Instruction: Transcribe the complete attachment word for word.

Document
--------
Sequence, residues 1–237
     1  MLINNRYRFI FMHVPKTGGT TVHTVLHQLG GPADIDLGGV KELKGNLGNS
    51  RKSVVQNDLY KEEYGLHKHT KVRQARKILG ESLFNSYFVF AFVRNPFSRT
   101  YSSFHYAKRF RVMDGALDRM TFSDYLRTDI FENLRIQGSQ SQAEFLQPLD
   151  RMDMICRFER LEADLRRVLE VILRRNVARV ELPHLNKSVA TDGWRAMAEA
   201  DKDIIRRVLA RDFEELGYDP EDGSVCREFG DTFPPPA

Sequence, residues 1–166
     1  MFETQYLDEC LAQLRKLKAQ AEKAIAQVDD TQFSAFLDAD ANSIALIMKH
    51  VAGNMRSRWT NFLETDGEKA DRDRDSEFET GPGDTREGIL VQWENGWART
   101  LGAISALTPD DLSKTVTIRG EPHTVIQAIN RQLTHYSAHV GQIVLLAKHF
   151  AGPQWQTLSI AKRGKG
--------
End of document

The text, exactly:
Sequence, residues 1–237
     1  MLINNRYRFI FMHVPKTGGT TVHTVLHQLG GPADIDLGGV KELKGNLGNS
    51  RKSVVQNDLY KEEYGLHKHT KVRQARKILG ESLFNSYFVF AFVRNPFSRT
   101  YSSFHYAKRF RVMDGALDRM TFSDYLRTDI FENLRIQGSQ SQAEFLQPLD
   151  RMDMICRFER LEADLRRVLE VILRRNVARV ELPHLNKSVA TDGWRAMAEA
   201  DKDIIRRVLA RDFEELGYDP EDGSVCREFG DTFPPPA

Sequence, residues 1–166
     1  MFETQYLDEC LAQLRKLKAQ AEKAIAQVDD TQFSAFLDAD ANSIALIMKH
    51  VAGNMRSRWT NFLETDGEKA DRDRDSEFET GPGDTREGIL VQWENGWART
   101  LGAISALTPD DLSKTVTIRG EPHTVIQAIN RQLTHYSAHV GQIVLLAKHF
   151  AGPQWQTLSI AKRGKG